Effective TM search generally requires word segmentation (and in many cases approximate stemming) in the source language. Other possible search techniques involve fuzzy word matching (e.g. based on edit distance), machine learning or more complete morphological analysis. TMs are most effective when a consistent sentence segmentation algorithm is used for all the source segments.

External TM APIs, like MyMemory, could be used in conjunction with internal TMs. TMs can be plaintext-only or can support markup.

Bilingual dictionaries and glossaries edit

A bilingual dictionary contains translations for individual words and phrases, generally with other information such as part-of-speech (e.g. verb, feminine noun) and disambiguators to distinguish between different meanings.

A bilingual glossary is a similar resource, but with less information for each entry. Glossaries are made for the purposes of computer-assisted translation, and are often subject-specific, created quickly, and less comprehensive, standardized and information-rich than dictionaries.

Effective glossary and dictionary search requires word segmentation, and in many cases approximate stemming, in the source language. Other possible search techniques involve fuzzy word matching (e.g. based on edit distance), machine learning or more complete morphological analysis.

Link conversion edit

Article links within source text can be automatically localized to a corresponding article in the target Wikipedia. For example, [[Mol]] in German can be localized to [[Mole_(unit)]] in English.

Language proofing edit

Spellcheckers (such as Hunspell) and grammar checkers (such as LanguageTool Grammar Check) perform checks on the translator's target text. They are usually highly language-specific, and their usefulness varies greatly between languages.

Grammar checking can be particularly useful in conjunction with statistical machine translation, which often contains chunks of good text interspersed with 'obvious' grammatical errors (e.g. failures to conjugate adjectives according to the gender of the nouns that they modify).

Style checking ensures consistency of language features (e.g. so that "I'm" and "I am" are not mixed arbitrarily in the same document). This is far more important in certain languages where the language register differences are much wider than in English.

Glossary edit

Candidate segment
Suggested text which acts as a starting point for a human's translation. A candidate segment is most useful if it takes few edits to make it acceptable.
Computer-assisted translation (CAT) tool
Software that assists a human in translating text. CAT tools may incorporate: sentence segmentation, translation memories, bilingual glossaries, machine translation engines, language proofing tools, translation workflow management, etc.
There are many CAT tools for translating documents, web content and software interfaces. Open-source examples include MediaWiki's Translate extension, Pootle and OmegaT. Proprietary examples include Wordfast, SDL Trados, Déjà Vu and Google Translator Toolkit.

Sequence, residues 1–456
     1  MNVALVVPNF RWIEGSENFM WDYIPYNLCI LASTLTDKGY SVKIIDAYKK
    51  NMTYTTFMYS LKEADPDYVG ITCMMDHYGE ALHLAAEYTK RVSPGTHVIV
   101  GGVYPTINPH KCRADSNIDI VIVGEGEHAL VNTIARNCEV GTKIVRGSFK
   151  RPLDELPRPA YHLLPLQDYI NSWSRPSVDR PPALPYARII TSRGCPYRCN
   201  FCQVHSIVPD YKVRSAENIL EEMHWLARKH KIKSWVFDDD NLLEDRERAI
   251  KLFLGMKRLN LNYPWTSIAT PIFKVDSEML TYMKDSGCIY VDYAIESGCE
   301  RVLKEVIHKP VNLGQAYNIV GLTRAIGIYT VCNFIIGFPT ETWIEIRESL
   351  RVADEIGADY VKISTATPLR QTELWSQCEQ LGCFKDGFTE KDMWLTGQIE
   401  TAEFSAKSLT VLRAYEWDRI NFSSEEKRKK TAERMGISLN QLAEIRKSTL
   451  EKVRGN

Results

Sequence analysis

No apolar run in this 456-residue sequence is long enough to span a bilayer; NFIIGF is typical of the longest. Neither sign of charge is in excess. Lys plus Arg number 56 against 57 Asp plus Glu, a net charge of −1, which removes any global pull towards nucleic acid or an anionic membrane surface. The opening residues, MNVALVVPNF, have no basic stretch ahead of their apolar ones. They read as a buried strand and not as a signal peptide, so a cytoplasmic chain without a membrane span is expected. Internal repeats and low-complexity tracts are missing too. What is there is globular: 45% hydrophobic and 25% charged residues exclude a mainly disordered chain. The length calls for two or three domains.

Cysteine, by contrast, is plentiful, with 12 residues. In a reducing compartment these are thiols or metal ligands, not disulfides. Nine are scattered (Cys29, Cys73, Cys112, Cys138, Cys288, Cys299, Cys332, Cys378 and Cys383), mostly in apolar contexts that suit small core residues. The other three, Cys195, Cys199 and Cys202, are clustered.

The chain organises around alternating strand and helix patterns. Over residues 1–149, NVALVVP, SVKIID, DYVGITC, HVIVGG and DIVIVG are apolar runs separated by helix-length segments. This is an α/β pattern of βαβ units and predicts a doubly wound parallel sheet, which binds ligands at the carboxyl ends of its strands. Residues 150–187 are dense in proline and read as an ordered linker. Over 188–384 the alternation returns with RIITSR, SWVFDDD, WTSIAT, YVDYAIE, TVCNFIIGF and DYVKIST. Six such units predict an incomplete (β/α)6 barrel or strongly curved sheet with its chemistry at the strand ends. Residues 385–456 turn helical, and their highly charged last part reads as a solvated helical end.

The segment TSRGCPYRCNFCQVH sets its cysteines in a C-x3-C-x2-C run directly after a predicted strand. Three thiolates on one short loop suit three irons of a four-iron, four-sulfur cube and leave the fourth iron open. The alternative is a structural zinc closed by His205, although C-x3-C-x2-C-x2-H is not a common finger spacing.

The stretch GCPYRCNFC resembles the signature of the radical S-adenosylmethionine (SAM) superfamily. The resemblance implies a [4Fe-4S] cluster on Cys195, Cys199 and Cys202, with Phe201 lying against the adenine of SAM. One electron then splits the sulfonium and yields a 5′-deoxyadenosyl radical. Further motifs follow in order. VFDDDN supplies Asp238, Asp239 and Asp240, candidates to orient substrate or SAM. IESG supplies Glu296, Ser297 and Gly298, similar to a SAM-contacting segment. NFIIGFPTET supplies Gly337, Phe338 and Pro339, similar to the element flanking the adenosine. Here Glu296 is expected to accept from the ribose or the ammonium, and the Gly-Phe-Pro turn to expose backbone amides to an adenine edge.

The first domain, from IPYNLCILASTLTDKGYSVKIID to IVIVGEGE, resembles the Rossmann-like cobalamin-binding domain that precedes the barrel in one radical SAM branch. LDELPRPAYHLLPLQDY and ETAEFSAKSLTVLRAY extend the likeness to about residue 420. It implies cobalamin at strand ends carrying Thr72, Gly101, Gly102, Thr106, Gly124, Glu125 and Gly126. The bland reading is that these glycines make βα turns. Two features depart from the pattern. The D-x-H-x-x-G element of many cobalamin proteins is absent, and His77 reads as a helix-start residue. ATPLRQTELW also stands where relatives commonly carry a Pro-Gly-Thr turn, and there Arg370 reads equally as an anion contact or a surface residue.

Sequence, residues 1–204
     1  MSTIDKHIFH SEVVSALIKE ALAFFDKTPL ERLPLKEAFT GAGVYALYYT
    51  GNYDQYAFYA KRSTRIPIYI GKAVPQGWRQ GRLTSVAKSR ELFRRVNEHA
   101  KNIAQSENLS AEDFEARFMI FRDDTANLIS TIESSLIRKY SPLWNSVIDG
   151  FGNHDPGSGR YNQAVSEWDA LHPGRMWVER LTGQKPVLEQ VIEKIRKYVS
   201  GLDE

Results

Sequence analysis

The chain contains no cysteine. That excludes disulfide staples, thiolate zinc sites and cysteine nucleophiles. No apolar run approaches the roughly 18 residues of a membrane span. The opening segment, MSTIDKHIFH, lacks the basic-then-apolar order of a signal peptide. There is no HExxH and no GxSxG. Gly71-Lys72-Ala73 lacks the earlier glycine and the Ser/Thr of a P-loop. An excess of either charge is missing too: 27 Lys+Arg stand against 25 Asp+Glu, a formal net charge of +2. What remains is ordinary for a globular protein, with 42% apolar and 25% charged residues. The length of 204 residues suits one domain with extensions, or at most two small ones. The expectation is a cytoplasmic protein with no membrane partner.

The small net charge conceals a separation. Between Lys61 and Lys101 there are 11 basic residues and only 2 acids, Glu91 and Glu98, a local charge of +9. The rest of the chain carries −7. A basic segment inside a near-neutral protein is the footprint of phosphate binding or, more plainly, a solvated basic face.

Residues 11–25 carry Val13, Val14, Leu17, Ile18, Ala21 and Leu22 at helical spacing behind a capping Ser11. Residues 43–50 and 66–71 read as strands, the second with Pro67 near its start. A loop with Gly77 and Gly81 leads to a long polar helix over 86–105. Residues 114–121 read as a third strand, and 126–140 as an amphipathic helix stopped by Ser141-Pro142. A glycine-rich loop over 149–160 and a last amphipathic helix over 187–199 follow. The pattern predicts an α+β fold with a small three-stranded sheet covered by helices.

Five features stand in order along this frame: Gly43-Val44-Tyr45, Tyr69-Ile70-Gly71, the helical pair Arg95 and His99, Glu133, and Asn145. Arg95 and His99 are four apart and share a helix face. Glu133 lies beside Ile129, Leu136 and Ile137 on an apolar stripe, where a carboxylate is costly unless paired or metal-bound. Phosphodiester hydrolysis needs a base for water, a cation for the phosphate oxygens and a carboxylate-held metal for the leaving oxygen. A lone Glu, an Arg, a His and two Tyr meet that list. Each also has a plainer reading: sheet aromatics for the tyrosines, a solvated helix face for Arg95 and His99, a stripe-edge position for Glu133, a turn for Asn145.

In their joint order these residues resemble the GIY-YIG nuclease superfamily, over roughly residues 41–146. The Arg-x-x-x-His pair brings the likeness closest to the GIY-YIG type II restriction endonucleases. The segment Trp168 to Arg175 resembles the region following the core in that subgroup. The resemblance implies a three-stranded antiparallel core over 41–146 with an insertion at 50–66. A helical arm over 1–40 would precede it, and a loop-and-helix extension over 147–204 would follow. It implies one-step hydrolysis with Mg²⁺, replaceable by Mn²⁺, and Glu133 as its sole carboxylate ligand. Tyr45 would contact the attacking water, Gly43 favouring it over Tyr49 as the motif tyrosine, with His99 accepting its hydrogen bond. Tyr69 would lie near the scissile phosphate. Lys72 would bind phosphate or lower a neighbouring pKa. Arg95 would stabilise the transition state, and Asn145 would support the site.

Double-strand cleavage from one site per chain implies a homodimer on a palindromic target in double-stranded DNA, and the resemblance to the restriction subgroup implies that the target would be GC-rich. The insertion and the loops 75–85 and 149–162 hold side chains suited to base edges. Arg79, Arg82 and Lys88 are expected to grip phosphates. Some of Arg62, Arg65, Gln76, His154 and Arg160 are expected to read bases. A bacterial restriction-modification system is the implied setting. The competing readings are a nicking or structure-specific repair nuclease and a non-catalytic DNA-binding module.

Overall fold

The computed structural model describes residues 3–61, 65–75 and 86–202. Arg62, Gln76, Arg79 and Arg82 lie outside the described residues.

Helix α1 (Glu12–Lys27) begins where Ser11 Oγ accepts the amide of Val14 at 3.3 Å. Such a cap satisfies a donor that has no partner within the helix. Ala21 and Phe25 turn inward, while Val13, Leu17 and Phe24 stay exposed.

A common rule of thumb is that CAT tools can speed the translation process by 40% with no loss of quality; however this depends greatly on the particular situation.
The subject matter of some text. This can affect the likely meaning of words; e.g. mole, mole, mole.
Few edits
A good candidate segment takes few edits to make it acceptable. Edit distance, rather than correctness of meaning or grammar, is the essential measure of good candidate texts. A translator can replace one big chunk of text faster than several small chunks, so a candidate segment is less useful if several scattered changes are required.
For example, a segment with a missing 'not' may be a good candidate: the meaning may be drastically wrong, but a human can correct it with a one-word edit. Conversely, a segment with the wrong capitalization for the context may have correct meaning and grammar, but require several edits to fix.
Language register
The variations in language for different purposes and social environments. In many languages, the formal and informal registers are very different.
Machine translation, rule-based
Rule-based Machine Translation (RBMT) uses an extensive set of linguistic rules to analyse the grammatical structure of source text and transform it into target text.
Machine translation, statistical
Statistical machine translation (SMT) uses little or no linguistic knowledge about the source and target languages. Instead, automated analyses of large parallel corpora (say 500,000+ sentences) generate a mathematical model, which can then be applied to translate new sentences.
Sentence segmentation
Splitting of text into individual sentences, titles, captions etc. Sentence segmentation is weakly language-specific; a single straighforward mechanism works reasonably well for many languages (see Unicode UAX29), but can be improved on with language-specific rules.
Finding the root form of words with grammatical inflections. E.g. swim/swims/swimming/swam/swum → swim. In some languages, a single root form can give rise to hundreds of inflected forms, so without stemming, text search is not very useful. Note that some forms can arise from more than one stem; e.g. in English the form 'spoke' has two possible stems, 'speak' (a verb) and 'spoke' (a noun, meaning a part of a wheel).
For content translation purposes, it is usually possible to use approximate stemming.
Stemming, approximate
Approximate stemming is similar to stemming, but less precise and easier to implement. For a given word, approximate stemming returns a set of possible candidate stems. With high probability, the set contains the correct stem; it may also contain incorrect stems. This is useful if no true stemmer is available, in contexts where false positives (spurious matches) can be tolerated.
Approximate stemming can often be implemented with simpler rules, and less lexical information, than true stemming. For example in English, approximate stemming of plural nouns can be performed with simple substitution/blacklisting. Applying an approximate stemming algorithm to the English word 'knives' might result in the set {'knife', 'knive'}, containing the correct form 'knife' and an incorrect guess, 'knive'.
As this example shows, the forms in the result set are not always correct, and often are not real words. This is tolerable for searching dictionaries, glossaries and translation memories, because the translator can easily recognise and ignore the occasional false positive suggestion.
Translation workflow management
Tools to manage the process of creating a translation. These may include text analysis, time estimation, task allocation, progress tracking, proofreader management, version management and source text update tracking.
Word segmentation
Splitting a text into individual words. This is relatively simple in non-agglutinative languages that use space between words, but highly complex in other cases (e.g. Chinese). Note that words are not always the basic unit of text; for example, effective glossary and dictionary search must support Multiword expressions.